Irony is, in essence, the tragic vision translated to a world where man was never “sufficient to stand,” as Milton had it. The irony may verge into black humor but with or without strong humor all ironies are dominated by a vision of a world without the glories of tragedies and romances or even the sheer dumb luck that blesses the hero of the comedy.
GHOST WORLD (2001)— I’m no great fan of the work of Daniel Clowes, but there’s no question that he evokes a world of ironic ugliness and surreal tackiness like no other comics-professional today. Terry Zwigoff’s adaptation of the GHOST WORLD graphic novel is not quite as concerned as the original with the distanciation of emotional states, but Zwigoff’s own brand of black humor abounds, particularly in the scenes that expand the Crumb-esque character played by Steve Buscemi.
DEATH NOTE (2006)—Live-action movie version of the Oba/Obata manga series has the same ruthless vision of the TV-anime, in which the only “gods” are the Japanese Shinigami, who exist to write in their books the names of the mortals destined to die. Such a book falls into the hands of handsome alpha-male Light Yagami, who then arrogates to himself the right to kill whomever he pleases by inscribing the names of his victims in said book. The story then traces the pursuit of this self-appointed executioner by his own Inspector Jauvert, the gnomish “L”—a nice reversal of the hero/villain expectations.
BARBARELLA (1968)— Jean-Claude Forest’s sexy space-fantasy might have borrowed a lot of paraphernalia from FLASH GORDON, but the tone of Barbarella is more Rabelais than Raymond. At times Vadim’s best work verges on straight comedy, but the satirical elements dominate, particularly in the scene of Barbarella’s most memorable combat-scene, where she out-orgasms a mechanical sex-machine.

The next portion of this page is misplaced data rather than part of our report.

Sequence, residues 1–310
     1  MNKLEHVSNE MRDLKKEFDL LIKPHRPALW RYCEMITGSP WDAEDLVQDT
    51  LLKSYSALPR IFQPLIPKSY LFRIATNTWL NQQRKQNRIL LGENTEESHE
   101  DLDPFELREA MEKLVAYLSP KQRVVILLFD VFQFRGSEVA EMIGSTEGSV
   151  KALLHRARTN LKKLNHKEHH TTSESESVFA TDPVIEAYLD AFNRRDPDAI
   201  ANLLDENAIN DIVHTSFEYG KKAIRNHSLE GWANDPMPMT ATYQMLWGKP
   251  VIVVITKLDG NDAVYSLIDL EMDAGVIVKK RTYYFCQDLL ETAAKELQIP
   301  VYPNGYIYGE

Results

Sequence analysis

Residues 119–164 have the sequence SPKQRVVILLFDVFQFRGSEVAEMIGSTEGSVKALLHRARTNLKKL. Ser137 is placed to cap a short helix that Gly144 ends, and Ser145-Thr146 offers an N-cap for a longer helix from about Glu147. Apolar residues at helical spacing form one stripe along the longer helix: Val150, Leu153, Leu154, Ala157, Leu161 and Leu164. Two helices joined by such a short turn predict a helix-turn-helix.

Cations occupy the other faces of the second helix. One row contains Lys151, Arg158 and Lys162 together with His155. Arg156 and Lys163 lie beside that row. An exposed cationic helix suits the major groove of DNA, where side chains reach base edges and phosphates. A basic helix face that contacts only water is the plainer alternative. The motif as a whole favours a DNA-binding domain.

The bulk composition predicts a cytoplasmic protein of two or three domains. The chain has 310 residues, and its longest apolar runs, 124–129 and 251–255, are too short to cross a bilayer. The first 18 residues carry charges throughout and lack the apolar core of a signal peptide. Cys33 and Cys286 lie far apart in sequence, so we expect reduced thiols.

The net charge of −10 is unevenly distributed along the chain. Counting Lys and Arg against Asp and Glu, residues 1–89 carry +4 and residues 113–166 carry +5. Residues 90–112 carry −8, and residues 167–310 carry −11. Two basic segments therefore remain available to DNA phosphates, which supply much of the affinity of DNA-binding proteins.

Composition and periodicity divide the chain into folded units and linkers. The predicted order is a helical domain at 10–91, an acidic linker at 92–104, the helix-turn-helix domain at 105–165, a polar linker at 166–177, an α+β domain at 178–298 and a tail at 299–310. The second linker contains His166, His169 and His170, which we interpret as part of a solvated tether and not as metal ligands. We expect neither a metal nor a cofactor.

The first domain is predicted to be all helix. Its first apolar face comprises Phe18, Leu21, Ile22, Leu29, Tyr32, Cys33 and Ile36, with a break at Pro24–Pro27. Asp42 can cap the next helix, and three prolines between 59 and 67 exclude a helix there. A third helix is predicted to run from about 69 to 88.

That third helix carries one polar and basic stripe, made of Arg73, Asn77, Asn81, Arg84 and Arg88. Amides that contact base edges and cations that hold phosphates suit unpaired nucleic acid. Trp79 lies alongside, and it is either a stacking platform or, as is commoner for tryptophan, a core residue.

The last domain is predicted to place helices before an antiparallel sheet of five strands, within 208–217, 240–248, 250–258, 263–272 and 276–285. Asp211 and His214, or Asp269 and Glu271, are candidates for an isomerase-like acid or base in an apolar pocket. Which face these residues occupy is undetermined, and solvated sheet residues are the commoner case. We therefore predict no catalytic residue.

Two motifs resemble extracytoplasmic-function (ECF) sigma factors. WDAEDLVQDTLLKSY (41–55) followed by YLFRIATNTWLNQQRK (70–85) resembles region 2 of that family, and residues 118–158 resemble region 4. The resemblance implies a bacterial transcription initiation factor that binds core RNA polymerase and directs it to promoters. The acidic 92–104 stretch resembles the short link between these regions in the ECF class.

TALES FROM THE CRYPT (1972)—I suspect this anthology-film, made up of tales from the EC-horror comic book, would be more popular with comics-critics if it had a tonier cast and direction, maybe along the lines of the 1945 anthology DEAD OF NIGHT. But EC Comics weren’t aimed at an elitist audience, and so the match between the grossout-tales of the comics and the stalwarts of commercial horror-cinema (Freddie Francis, Peter Cushing) proves a fine match to embody EC’s sadistic visions of sparagmos.
FRITZ THE CAT (1972)-- Here’s another one I haven’t seen in many a moon, but memory tells me that the Ralph Bakshi film successfully translated the gross world of 1960s underground comics. Fritz’s creator Robert Crumb was so repelled by Bakshi’s translation that afterward he did a story that killed off the famous feline, implicitly rejecting any further association between his work and such commercial entertainments. Or maybe Crumb didn't like Bakshi showing the grossness of Crumb's works unleavened by whatever "intellectual implants" (as I called them earlier) added on. Who knows?
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